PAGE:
Lee v. United States of America

Filing 14

ORDER on Motion to Vacate, Set Aside or Correct Sentence (2255) by Judge James L. Robart. Mr. Lee's 1 2255 Motion is GRANTED. The court VACATES and SETS ASIDE the sentence in No. CR06-0164JLR. Counsel to contact the court's Courtroom Deputy for a new sentencing date. (PM) cc: Mr. Lee at FCI Safford via the U.S. Mail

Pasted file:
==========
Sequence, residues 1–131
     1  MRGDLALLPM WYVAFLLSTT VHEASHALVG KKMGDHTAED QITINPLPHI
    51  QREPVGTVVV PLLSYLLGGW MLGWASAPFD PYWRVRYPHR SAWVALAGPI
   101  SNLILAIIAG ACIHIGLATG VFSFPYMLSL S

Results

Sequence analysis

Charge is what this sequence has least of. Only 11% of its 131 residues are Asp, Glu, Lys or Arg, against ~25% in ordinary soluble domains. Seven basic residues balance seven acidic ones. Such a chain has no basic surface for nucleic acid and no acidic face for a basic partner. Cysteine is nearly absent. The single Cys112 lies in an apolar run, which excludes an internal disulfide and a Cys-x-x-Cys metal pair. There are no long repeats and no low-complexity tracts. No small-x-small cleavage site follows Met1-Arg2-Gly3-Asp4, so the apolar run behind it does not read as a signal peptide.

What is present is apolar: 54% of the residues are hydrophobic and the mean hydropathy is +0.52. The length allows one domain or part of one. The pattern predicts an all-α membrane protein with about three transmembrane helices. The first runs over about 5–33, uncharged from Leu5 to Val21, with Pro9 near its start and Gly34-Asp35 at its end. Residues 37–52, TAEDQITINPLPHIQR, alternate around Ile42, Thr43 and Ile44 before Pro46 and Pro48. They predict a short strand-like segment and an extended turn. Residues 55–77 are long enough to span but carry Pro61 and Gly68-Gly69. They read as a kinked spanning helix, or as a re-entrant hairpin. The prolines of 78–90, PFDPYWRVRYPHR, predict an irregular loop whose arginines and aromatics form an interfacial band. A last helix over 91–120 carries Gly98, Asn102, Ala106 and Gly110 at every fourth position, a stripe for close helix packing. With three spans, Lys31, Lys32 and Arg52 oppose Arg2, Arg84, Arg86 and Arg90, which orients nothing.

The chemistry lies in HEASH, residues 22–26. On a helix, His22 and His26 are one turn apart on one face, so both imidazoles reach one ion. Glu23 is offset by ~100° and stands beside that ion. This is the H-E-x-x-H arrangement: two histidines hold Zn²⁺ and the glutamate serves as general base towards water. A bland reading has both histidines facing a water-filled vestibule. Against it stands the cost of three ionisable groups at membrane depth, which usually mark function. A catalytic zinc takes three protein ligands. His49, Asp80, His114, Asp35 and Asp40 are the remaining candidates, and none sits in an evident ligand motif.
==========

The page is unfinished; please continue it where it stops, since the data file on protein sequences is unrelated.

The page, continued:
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1 2 3 4 5 6 7 UNITED STATES DISTRICT COURT WESTERN DISTRICT OF WASHINGTON AT SEATTLE 8 9 TRACY DAMON LEE, 10 11 12 CASE NO. C16-0949JLR Petitioner, ORDER GRANTING SECTION 2255 PETITION v. UNITED STATES OF AMERICA, 13 Respondent. 14 15 16 17 18 19 20 21 I. INTRODUCTION Before the court is Tracy Damon Lee’s petition under 28 U.S.C. § 2255 to vacate, set aside, or correct his 216-month prison sentence in the wake of the Supreme Court’s decision in Johnson v. United States, --- U.S. ---, 135 S. Ct. 2551 (2015). (Pet. (Dkt. # 1).) The court has considered Mr. Lee’s petition, the United States of America’s (“the Government”) answer to Mr. Lee’s petition (Answer (Dkt. # 7)), Mr. Lee’s reply in support of his petition (Reply (Dkt. # 9)), the relevant portions of the record, and the 22 ORDER - 1 1 applicable law. Considering itself fully advised,1 the court GRANTS Mr. Lee’s Section 2 2255 habeas petition and DIRECTS the Clerk to schedule a resentencing for Mr. Lee as 3 set forth below. 4 5 6 II. BACKGROUND A. Legal Background In Johnson, the Supreme Court concluded that the Armed Career Criminal Act’s 7 (“ACCA”) residual clause, which defines a “violent felony” to include any felony that 8 “involves conduct that presents a serious potential risk of physical injury to another,”2 is 9 unconstitutionally vague.3 135 S. Ct. at 2557. Before Johnson, a defendant convicted of 10 being a felon in possession of a firearm faced a mandatory minimum sentence of 15 years 11 under the ACCA if he had three prior convictions for “violent felonies.” 18 U.S.C. 12 § 924(e)(1). The Court held that “the indeterminacy of the wide-ranging inquiry required 13 by the residual clause both denies fair notice and invites arbitrary enforcement by judges” 14 and “[i]ncreasing a defendant’s sentence under the clause denies due process of law.” Id. 15 at 2563. The Supreme Court subsequently announced that the rule in Johnson was “a 16 new substantive rule that has retroactive effect in cases on collateral review.” Welch, 136 17 S. Ct. at 1268. 18 19 20 At the time of Mr. Lee’s sentencing, the ACCA defined a “violent felony” as 1 Neither party requested oral argument, and the court determines that oral argument would not be helpful here. See Local Rules W.D. Wash. LCR 7(d). 2 18 U.S.C. § 924(e)(2)(B). “The void-for-vagueness doctrine prohibits the government from imposing sanctions ‘under a criminal law so vague that it fails to give ordinary people fair notice of the conduct it punishes, or so standardless that it invites arbitrary enforcement.’” Welch v. United States, --U.S. ---, 136 S. Ct. 1257, 1262 (2016) (quoting Johnson, 135 S. Ct. at 2556). 3 21 22 ORDER - 2 1 any crime punishable by imprisonment for a term exceeding one year, or any act of juvenile delinquency involving the use or carrying of a firearm, knife, or destructive device that would be punishable by imprisonment for such term if committed by an adult, that—(1) has as an element the use, attempted use, or threatened use of physical force against the person of another; or (2) is burglary, arson, or extortion, involves use of explosives, or otherwise involves conduct that presents a serious potential risk of physical injury to another. 2 3 4 5 18 U.S.C. § 924(e)(2)(B) (emphasis added). The ACCA’s “violent felony” definition 6 consisted of three parts: (1) the elements clause, (2) the enumerated offenses clause, and 7 (3) the residual clause. See United States v. Ladwig, ---F. Supp. 3d---, 2016 WL 8 3619640, at *2 (E.D. Wash. June 28, 2016). 9 Mr. Lee contends that he was unconstitutionally sentenced under the residual 10 clause of the ACCA. (Pet. at 7.) 11 B. Factual Background 12 On November 9, 2006, after a three-day jury trial, Mr. Lee was found guilty of 13 being a felon in possession of a firearm in violation of 18 U.S.C. § 922(g)(1), conspiracy 14 to obstruct justice, and obstruction of justice. See United States v. Lee, No. 15 16 17 18 19 20 21 CR06-0164JLR (W.D. Wash. Nov. 9, 2006), (Dkt. # 102) (“Jury Verdict”). Mr. Lee also pled guilty to possession of cocaine before the jury trial. Id., (Dkt. # 55) (“Plea Agreement”). On February 15, 2007, Mr. Lee moved for a new trial. Id., (Dkt. #110). The court denied Mr. Lee’s motion on March 5, 2007. Id., (Dkt. # 113). 1. Mr. Lee’s Sentencing The court sentenced Mr. Lee on May 14, 2007. Id., (Dkt. # 138) (“Sentencing”). The United States Probation Office and the Government both argued that Mr. Lee 22 ORDER - 3 1 qualified as an armed career criminal under the ACCA based on three predicate 2 convictions: 1987 Robbery in the First Degree (No. 87-1-00649-9 (Wash. Aug. 5, 1987)) 3 and two counts of federal armed bank robbery in 1992 (No. CR92-0286RSL (W.D. 4 Wash. Nov. 20, 2006). The court agreed. At his sentencing, Mr. Lee urged the court to 5 apply the United States Sentencing Guidelines without imposing the ACCA enhancement 6 because the ACCA was “void for vagueness” and violated “the guarantee of a separation 7 of powers between the judiciary and [C]ongress.” (Pet. at 4); CR06-0164JLR, 8 Sentencing at 3:20-23. The court rejected Mr. Lee’s arguments, concluded that the 9 ACCA was constitutional,4 and sentenced Mr. Lee to 216 months in prison based on the 10 11 three predicate convictions.5 Id. at 15:21-23. The court based Mr. Lee’s sentence on a finding that his total offense level was 33 12 with a criminal history category of IV, which produced a sentencing range of 188 to 235 13 months. Id. at 17:12-17. Sentencing under the ACCA increased Mr. Lee’s statutory 14 sentencing range from a range of zero to 10 years in prison to a range of 15 years to life. 15 Compare 18 U.S.C. § 924(a)(2), with 18 U.S.C. § 924(e)(1). 16 Although it is clear that the court imposed Mr. Lee’s sentence under the ACCA, 17 the record is silent as to which ACCA clause the court employed. Specifically, the 18 court did not indicate which of the three clauses Mr. Lee’s prior convictions fell under— 19 Specifically, the court found “that as a matter of constitutional law, the Armed Career Criminal Act is not void for vagueness or void as a violation of the separation of powers doctrine.” CR06-0164JLR, Sentencing at 15:21-23. 20 4 5 21 22 Mr. Lee was sentenced to a term of 216 months for felon in possession of a firearm as an armed career criminal; 51 months for conspiracy to obstruct justice; 51 months for obstruction of justice; and 8 months for possession of cocaine base, with all terms running concurrently with each other. CR06-0164JLR, Sentencing at 10:11-11:10. ORDER - 4 1 the elements clause, the enumerated offenses clause, or the now-invalidated residual 2 clause. See CR06-0164JLR, Sentencing. 3 2. Mr. Lee’s Attempts at Post-Conviction Relief 4 After sentencing, Mr. Lee sought post-conviction relief through a number of 5 avenues. Mr. Lee’s conviction became final after the Ninth Circuit Court of Appeals 6 denied his direct appeal—on grounds unrelated to the ACCA—on August 27, 2008. 7 United States v. Lee, 290 Fed. App’x 977 (9th Cir. 2008). In February 2010, Mr. Lee 8 filed his first petition under 28 U.S.C. § 2255, challenging both his conviction and 9 sentence. CR06-0164JLR, Dkt. #146 (“First Pet.”). In his petition, Mr. Lee raised six 10 grounds for habeas relief: two related to ineffective assistance of counsel, three related to 11 government misconduct, and one attacking his sentence based on the argument that the 12 ACCA did not apply because his armed robbery convictions—of a Seafirst Bank on 13 February 11, 1992, and a US Bank on May 28, 1992—should count as a single 14 conviction. Id. at 5-23. The court denied Mr. Lee’s petition. Lee v. United States, No. 15 C10-0296 (W.D. Wash. Dec. 1, 2011), Dkt # 40; see also Id. Dkt # 44 (denying Mr. 16 Lee’s request for a certificate of appealability). On May 4, 2016, Mr. Lee filed the instant successive petition under 28 17 18 U.S.C. § 2255 to vacate, set aside, or correct his sentence. (See Pet.) Mr. Lee requests 19 that the court grant his Section 2255 motion, vacate his sentence, and resentence him. 20 (Pet. at 3.) 21 // 22 // ORDER - 5 1 2 III. ANALYSIS A. Legal Standard A prisoner in federal custody may collaterally challenge his sentence under 28 3 4 U.S.C. § 2255 on “the ground that the sentence was imposed in violation of the 5 Constitution or laws of the United States, or that the court was without jurisdiction to 6 impose such sentence, or that the sentence was in excess of the maximum authorized by 7 law. . . .” 28 U.S.C. § 2255(a). A prisoner seeking such relief must generally bring his 8 Section 2255 petition within one year of “the date on which the judgment of conviction 9 becomes final.” 28 U.S.C. § 2255(f)(1). However, a prisoner may also seek habeas relief 10 within one year of “the date on which the right asserted was initially recognized by the 11 Supreme Court, if that right has been newly recognized by the Supreme Court and made 12 retroactively applicable to cases on collateral review.” 28 U.S.C. § 2255(f)(3). The 13 claimed error of law must be “a fundamental defect which inherently results in a 14 complete miscarriage of justice.” Davis v. United States, 417 U.S. 333, 346 (1974) 15 (quoting Hill v. United States, 368 U.S.424, 429 (1962)). 16 B. 17 Mr. Lee’s Petition Mr. Lee argues that he is entitled to habeas corpus relief under 28 U.S.C. § 2255 18 because of the newly-recognized right announced in Johnson. (See Pet. at 7-8.) 19 Specifically, Mr. Lee argues that his sentence was unconstitutionally enhanced under the 20 ACCA’s residual clause. (Pet. at 7-8.) The Government argues, however, that Mr. Lee’s 21 claim is procedurally barred for two reasons: (1) he waived any claim that his prior 22 convictions are not “violent offenses” under the ACCA by failing to raise that argument ORDER - 6 1 in prior proceedings and, (2) his claim is untimely because he does not assert a true 2 Johnson claim since his claim is based on earlier case law. (Answer at 17-21.) The court 3 first considers Mr. Lee’s procedural arguments before turning to the merits of Mr. Lee’s 4 petition. 5 1. Procedural Default 6 The Government argues first that Mr. Lee has waived any claim that his prior 7 convictions were not “violent felonies” under the ACCA because he did not raise this 8 specific argument at his sentencing or on appeal and thus his claim is procedurally 9 defaulted. (Answer at 17-18.) The court finds that Mr. Lee overcomes this procedural 10 default in light of Johnson. To overcome procedural default, Mr. Lee must demonstrate 11 (1) “cause” and (2) “actual prejudice resulting from the errors of which he complains.” 12 United States v. Frady, 456 U.S. 152, 168 (1982). A petitioner may show cause by 13 demonstrating that “the factual or legal basis for a claim was not reasonably available to 14 counsel” at the time at which the claim would appropriately have been raised. Murray v. 15 Carrier, 477 U.S. 478, 488 (1986). Here, prior decisions in James v. United States, 622 16 Fed. App’x 689 (9th Cir. 2015) and Sykes v. United States, 564 U.S. 1 (2011) foreclosed 17 the particular constitutional challenge to the residual clause that Mr. Lee makes. It was 18 not until the Court’s decision in Johnson that a constitutional challenge to the residual 19 clause was made available to petitioners like Mr. Lee. In light of James and Sykes such a 20 challenge “would have been futile” because a “solid wall of authority” barred it. English 21 v. United States, 42 F. 3d 473, 479 (9th Cir. 1994) (internal quotations and citations 22 omitted); see also Kimes v. United States, 939 F.2d 776, 778 (9th Cir. 1991) (holding that ORDER - 7 1 failure to object to a jury instruction was not fatal to a Section 2255 petition because 2 well-settled law precluded the claim at the time). The court therefore concludes that Mr. 3 Lee has shown sufficient cause for his procedural default. See Lilley v. United States, 4 No. C16-0410JLR, 2016 WL 6997037, at *4-5 (W.D. Wash. Nov. 30, 2016); Carpio v. 5 United States, No. C16-0647JLR, 2016 WL 6395192, at *8-9 (W.D. Wash. Oct. 28, 6 2016). 7 To demonstrate prejudice, Mr. Lee must show there is a reasonable probability 8 that in the absence of the error the results of the proceedings would have been different. 9 Strickler v. Greene, 527 U.S. 263, 289 (1999). Mr. Lee argues that in the absence of the 10 ACCA enhancement he would have been sentenced to a statutory maximum of ten years. 11 (Reply at 19.) Instead, Mr. Lee was sentenced to a term of 216 months—18 years. The 12 Government does not challenge Mr. Lee’s ability to demonstrate prejudice. The court 13 concludes that the constitutional error that Mr. Lee alleges in the enhancement of his 14 sentence pursuant to the ACCA’s residual clause would “work[] to his actual and 15 substantial disadvantage” if demonstrated. See Lilley, 2016 WL 6997037, at *4; Carpio, 16 2016 WL 6395192, at *9; United States v. Kinman, No. C16-1360JM, 2016 WL 17 6124456, *3-4 (S.D. Cal. Oct. 20, 2016). Accordingly, the court finds that Mr. Lee has 18 shown cause and prejudice sufficient to overcome any procedural default, and the court 19 turns to the merits of his claim. 20 2. Timeliness 21 The Government argues that Petitioner’s claims actually originate in rulings 22 announced much earlier in Descamps v. United States, ---U.S.---, 133 S.Ct. 2276, 2284 ORDER - 8 1 (2013) and Johnson v. United States, 559 U.S. 353, 357-60 (2010) (“Johnson I”) and 2 thus are untimely.6 (See Answer at 26.); 28 U.S.C. § 2255(f) (one-year statute of 3 limitation for a habeas petition shall run from the date when the conviction becomes final 4 or the date a newly asserted right was initially recognized by the Supreme Court). If Mr. 5 Lee’s claim is not a Johnson claim, it is untimely because his sentence became final more 6 than one year before he filed his second habeas petition. Compare United States v. Lee, 7 290 Fed. App’x 977 (9th Cir. 2008), with (Pet.) (filed May 4, 2016). 8 9 The court is not persuaded by the Government’s argument. Mr. Lee cites Descamps and Johnson I as statutory interpretation cases that assist the court in 10 construing the ACCA in order to either eliminate or confirm the court’s reliance on the 11 now-invalidated residual clause at the time of Mr. Lee’s sentencing. 7 (See Pet. at 8; 12 Reply at 11.) The Government argues that relying on case law that pre-dates Johnson is 13 inappropriate in the context of a Johnson claim. (See Answer at 22-26.) But “there is 14 6 15 16 17 18 19 20 21 22 In supplemental briefing, the Government submits Williams v. United States, No. C160939RSM, 2016 WL 5920083 (W.D. Wash, Oct. 11, 2016) as support for the argument that where the record is silent as to which clause of the ACCA the court relied on, a petitioner must rely on cases other than Johnson and therefore does not bring a Johnson claim. (Dkt. # 11, (“Supplemental Briefing”)). The Williams court held that the petitioner could not demonstrate the court had relied on the residual clause, and even if it had, “any such mistake was harmless.” Id. at *4. The court finds Williams inapplicable to the specific facts raised in Mr. Lee’s petition. Instead, the court finds Kilgore v. United States, No. C16-0995RSM, 2016 WL 7180306 (W.D. Wash. Dec. 9, 2016) on point. In Kilgore, the court rejected an argument identical to the present one from the Government, finding that the petitioner had a Johnson claim even if his arguments relied on earlier cases. Id. at *3. 7 The Government asserts that Mr. Lee must demonstrate by a preponderance of the evidence that the court relied exclusively on the ACCA's residual clause in ruling that his firstdegree robbery conviction was a violent felony. (Resp. at 22.) Mr. Lee argues that the applicable standard is harmless-error. (Reply at 7.) The court need not resolve this dispute because under either standard, Mr. Lee's prior conviction for robbery in the second degree could only qualify as a crime of violence under the residual clause. See infra § III.B.3. ORDER - 9 1 existing precedent for applying current case law when determining whether a 2 constitutional error was harmless in the context of a motion under 28 U.S.C. § 2255.” 3 Ladwig, 2016 WL 3619640, at *5. See, e.g., Capitol Square Review & Advisory Bd. v. 4 Pinette, 515 U.S. 753, 762 (1995) (noting that previous decisions must necessarily inform 5 the Court’s analysis because “the Court does not write on a blank slate”). 6 Public policy considerations also “favor the application of current law which 7 resolves past ambiguities or outright inconsistencies.” Haffner v. United States, No. 8 C16-0448-RAJ, 2016 WL 6897812, at *3 (W.D. Wash. Nov. 23, 2016). As described by 9 the Ladwig court: 10 An inquiry that requires judges to ignore intervening decisions that, to some degree, clear the mire of decisional law seems to beg courts to reach inconsistent results. Current case law has clarified the requisite analysis and applying that should provide greater uniformity, helping to insure that like defendants receive like relief. 11 12 13 Ladwig, 2016 WL 3619640, at *5. 14 Although Johnson created a new constitutional right, such rights do not exist in a 15 vacuum and the court must analyze new constitutional rights within the framework of law 16 developed in the preceding timeframe. See, e.g., Capitol Square Review & Advisory Bd. 17 v. Pinette, 515 U.S. 753, 762 (1995) (noting that previous decisions must necessarily 18 inform the Court’s analysis because “[the Court] do[es] not write on a blank slate”). Mr. 19 Lee’s reliance on earlier cases does not convert his Johnson motion into a habeas claim 20 that is solely based on older case law. Accordingly, the court determines that Mr. Lee 21 brings a timely claim under Johnson. 22 // ORDER - 10 1 3. The Sentencing Court’s Reliance on the ACCA’s Residual Clause 2 After concluding that Mr. Lee’s claim is not procedurally barred, the court next 3 determines whether the court relied upon the ACCA’s constitutionally invalid residual 4 clause when it imposed Mr. Lee’s sentence. Although the Johnson Court invalidated the 5 ACCA’s residual clause, the Court’s decision did “not call into question application of 6 the [ACCA] to the four enumerated offenses, or the remainder of the [ACCA’s] 7 definition of a violent felony.” 135 S. Ct. at 2563. If the court did not rely on the 8 residual clause and instead relied on an alternative clause, Mr. Lee is not entitled to the 9 relief he seeks. For the reasons set forth below, the court concludes that at least one of 10 Mr. Lee’s prior convictions could not have been considered a crime of violence without 11 reference to the residual clause. Because a court can impose the ACCA enhancement 12 only if a person has three qualifying prior convictions, Mr. Lee is entitled to a 13 resentencing. 14 Mr. Lee argues primarily that his 1987 first-degree robbery conviction cannot 15 serve as a qualifying prior conviction.8 Washington first- and second-degree robbery 16 share the same core definition: 17 18 19 A person commits robbery when he or she unlawfully takes personal property from the person of another or in his or her presence against his or her will by the use or threatened use of immediate force, violence, or fear of injury to that person or his or her property or the person or property of anyone. Such force or fear must be used to obtain or retain possession of 20 8 21 22 Mr. Lee also argues that his two federal armed bank robbery convictions cannot be predicate felonies under the ACCA in the absence of the residual clause. (Pet. at 13-14.) Because the court determines that Washington first-degree robbery is not a predicate felony under the ACCA, the court does not consider whether federal armed bank robbery qualifies. ORDER - 11 1 the property, or to prevent or overcome resistance to the taking; in either of which cases the degree of force is immaterial… 2 RCW 9A.56.190. Robbery is then elevated to robbery in the first degree if the definition 3 of robbery in the second degree is fulfilled and one of three aggravating factors is 4 present: “(a) [the offender i]s armed with a deadly weapon; or (b) Displays what appears 5 to be a firearm or other deadly weapon; or (c) Inflicts bodily injury.” RCW 9A.56.200 6 (1987). 7 a. Enumerated Clause 8 First, Mr. Lee contends that first-degree robbery conviction under Washington law 9 10 11 12 is not an enumerated “violent offense” under the ACCA. (Pet. at 9-10). After Johnson, a violent felony is an ACCA predicate offense under the enumerated clause if it “is burglary, arson, or extortion, [or] involves use of explosives[.]” 18 U.S.C. § 924(e)(2)(B)(ii). Mr. Lee’s first-degree robbery conviction does not qualify under the 13 enumerated clause because robbery simply is not one of the listed offenses. Id.; see also 14 United States v. Dixon, 805 F.3d 1193, 1197 (9th Cir. 2015) (finding that a predicate 15 crime under the enumerated clause must fit within the generic crimes listed by name 16 thereunder). The Government does not contest this position. (See Answer.) 17 Accordingly, the court must have either categorized Mr. Lee’s first-degree robbery 18 conviction as an offense that fits within the elements clause or as a generic violent 19 offense under the invalidated residual clause. 20 // 21 // 22 ORDER - 12 1 b. Elements Clause Mr. Lee next argues that first-degree robbery does not qualify as an ACCA 2 3 predicate felony under the elements clause. (Pet. at 8 (quoting 18 U.S.C. 4 § 924(e)(2)(B)(i)-(ii)).) The court agrees. Neither the core definition of robbery (shared 5 by first- and second-degree robbery) nor the aggravating factors specific to Washington 6 first-degree robbery match the definition of a violent felony under the ACCA’s elements 7 clause. The court analyzes whether first-degree robbery fits within the ACCA’s elements 8 9 clause by applying the analytical approach set forth in Descamps, 133 S. Ct. 2276. Under 10 Descamps, the court first compares the elements of the state offense to the elements of 11 the generic offense defined by federal law. Lopez-Valencia v. Lynch, 798 F.3d 863, 867 12 (9th Cir. 2015). The rule in the Ninth Circuit is that such analysis must be conducted 13 “categorically;” i.e., the Court looks only to the definition of the offense, not to the 14 underlying conduct of a particular offense. United States v. Wenner, 351 F.3d 969,972 15 (9th Cir. 2003). First-degree robbery under Washington law can be a categorical match 16 for “generic robbery” only if “the elements of the state crime are the same as or narrower 17 than the federal offense.” Lopez-Valencia, 798 F.3d at 867. In addition to fulfilling the 18 federal definition of “generic robbery,” a Washington first-degree robbery conviction can 19 only be a predicate felony under the ACCA’s elements clause if the statute meets two 20 additional requirements. Dixon, 805 F.3d at 1197. “First, the ‘physical force’ used must 21 be ‘violent force,’ or ‘force capable of causing physical pain or injury to another 22 // ORDER - 13 1 person.’” Id. (quoting Johnson I, 559 U.S. at 140). “Second, the use of force must be 2 intentional, not just reckless or negligent.” Id. 3 If the Washington first-degree robbery statute is “overbroad,” meaning that it 4 criminalizes conduct that goes beyond the elements of the federal offense, the court must 5 then determine if the statute is “divisible” or “indivisible.” Id. “[D]ivisible statutes 6 contain multiple, alternative elements of functionally separate crimes.” Rendon v. 7 Holder, 764 F.3d 1077, 1085 (9th Cir. 2014). A “jury faced with a divisible statute must 8 unanimously agree on the particular offense of which the petitioner has been convicted.” 9 Id. If the statute is indivisible, the court’s inquiry ends because a conviction under an 10 overbroad and indivisible statute cannot serve as a predicate offense. Id. The court finds 11 that first-degree robbery as defined in Washington is both overbroad and indivisible. 12 First, both the core definition of robbery and the aggravating factors specific to 13 first-degree robbery are overbroad. As a preliminary matter, this court previously 14 determined that the core definition of robbery in Washington does not qualify as a violent 15 offense under the elements clause because physical force against a person is not a 16 necessary element of that offense. See Lilley, 2016 WL 6997037, at *17-20; see also 17 Dietrick v. United States, No. C16-0705 MJP, 2016 WL 4399589, at *4 (W.D. Wash. 18 Aug. 18, 2016). A “violent felony” qualifies as an ACCA predicate offense under the 19 ACCA elements clause only if it “has as an element the use, attempted use, or threatened 20 use of physical force against the person of another.” 18 U.S.C. § 924(e)(2)(B)(ii). In 21 Johnson I, the Supreme Court defined “physical force” as “violent force—that is, force 22 capable of causing physical pain or injury to another person.” Johnson I, 559 U.S. at 140 ORDER - 14 1 (emphasis in original). In Washington, a defendant may be convicted of second-degree 2 robbery merely by threat of force against a person’s property. Lilley, 2016 WL 6997037 3 at *8. The core definition of Washington robbery is therefore overbroad. 4 Having previously determined that the core definition of robbery does not qualify 5 as a violent offence under the elements clause, the court turns its attention to the 6 aggravating factors specific to first-degree robbery, finding that the aggravating factors 7 are also overbroad. In Washington, “[a] person is guilty of robbery in the first degree if: 8 in the commission of a robbery or of immediate flight therefrom, [the offender]: (a) Is 9 armed with a deadly weapon; or (b) Displays what appears to be a firearm or other deadly 10 weapon; or (c) Inflicts bodily injury.” RCW 9A.56.200 (1987). The Ninth Circuit has 11 defined “generic robbery” as “‘aggravated larceny, containing at least the elements of 12 misappropriation of property under circumstances involving immediate danger to the 13 person.’” See Dixon, 805 F.3d at 1199 n.4 (quoting United States v. Becerril-Lopez, 541 14 F.3d 881, 890–91 (9th Cir. 2008)). Federal “generic robbery” also requires “violent 15 force” that the offender intended to use against another person. Id. at 1197. 16 Mr. Lee argues that the aggravating factors of first-degree robbery are overbroad 17 because the factors do not require violent force or intent. (Pet. at 13.) The Government 18 does not challenge Mr. Lee on this point. (See Answer.) The Ninth Circuit has held that 19 one of the aggravating factors—being armed with a deadly weapon—does not require the 20 use of violent force. United States v. Werle, 815 F.3d 614, 621 (9th Cir. 2016) (“[T]he 21 fact that an individual is armed does not necessarily mean that he or she has used the 22 weapon in any way.”). Washington first-degree robbery also does not require intent to ORDER - 15 1 use force against a person. See State v. Decker, 111 P.3d 286, 288 (Wash. Ct. App. 2005) 2 (“Intent to cause bodily injury is not an element of robbery in the first degree as defined 3 in Washington.”); State v. McCorkle, 945 P.2d 736, 744 (Wash. Ct. App. 1997) (“The 4 intent required to prove robbery in the first degree is intent to deprive the victim of the 5 property.”). Under the categorical approach, if the Washington first-degree robbery 6 statute criminalizes “some conduct that would qualify as a predicate offense and other 7 conduct that would not,” the statute is overbroad. United States v. Jennings, 515 F.3d 8 980, 987 (9th Cir.2008). The Washington first-degree robbery statute criminalizes 9 conduct that does not constitute violent force and conduct that can be committed without 10 the intent to harm another person. The Washington first-degree robbery statute is 11 therefore categorically overbroad. 12 The first-degree robbery statute is also indivisible. A divisible statute defines 13 elements in the alternative, essentially creating separate crimes within the statute. 14 Descamps, 133 S.Ct. at 2284 (stating that a statute is divisible when it “comprises 15 multiple, alternative versions of the crime”). “The touchstone for divisibility is whether 16 or not the jury must make a determination of the facts supporting the generic crime.” 17 United States v. Packer, No. CR04-0263-WFN-1, 2016 WL 1253870, at *3 (E.D. Wash. 18 Mar. 8, 2016) (citing Rendon, 764 F.3d at 1084-90). “By contrast, a statute is indivisible 19 if the jury may disagree on the fact at issue yet still convict.” Lopez-Valencia, 798 F.3d 20 at 869. Under the Washington Pattern Jury Instructions, a jury deliberating over a first- 21 degree robbery charge need not agree on whether force or fear motivated the victim, or 22 whether the force was directed at a person or property. Washington Pattern Jury ORDER - 16 1 Instructions: Criminal 37.02, 37.04 (1st ed. Supp. 1986); see also Haffner, 2016 WL 2 6897812, at *8. It is therefore possible to be convicted of first-degree robbery without 3 juror unanimity as to the exact means by which the defendant committed the crime. 4 Washington’s first-degree robbery statute is therefore categorically overbroad and 5 indivisible. Accordingly, the court could not have sentenced Mr. Lee under the ACCA’s 6 elements clause. 7 The court has determined that Mr. Lee could not have been sentenced under the 8 enumerated or elements clauses of the ACCA, the only constitutional alternatives to the 9 residual clause. See Kilgore, 2016 WL 7180306, at* 5 (“[T]he Court cannot see how the 10 [Washington first-degree] robbery... convictions as presented to the Court could have 11 qualified under the elements or enumerated clauses.”). The court therefore finds that Mr. 12 Lee was unlawfully sentenced in the wake of Johnson because the court sentenced him 13 under the now-invalid residual clause. 14 IV. CONCLUSION 15 Based on the foregoing, the court GRANTS Mr. Lee’s motion to vacate, correct, 16 or set aside his sentence (Dkt. #1) pursuant to 28 U.S.C. § 2255. The court VACATES 17 and SETS ASIDE the sentence in No. CR06-0164JLR (W.D. Wash.). The court will 18 permit Mr. Lee to submit objections to his Presentence Report pursuant to Federal Rule 19 of Criminal Procedure 32(i)(1)(D), allow both Mr. Lee and the Government to argue for 20 an appropriate and lawful sentence, and resentence him. The parties shall contact the 21 court’s Courtroom Deputy to provide their recommendations and availability for a new 22 // ORDER - 17 1 sentencing date. The court further DIRECTS the Clerk of Court to forward a copy of this 2 order to Mr. Lee and all counsel of record. 3 Dated this 27th day of January, 2017. 4 A 5 6 JAMES L. ROBART United States District Judge 7 8 9 10 11 12 13 14 15 16 17 18 19 20 21 22 ORDER - 18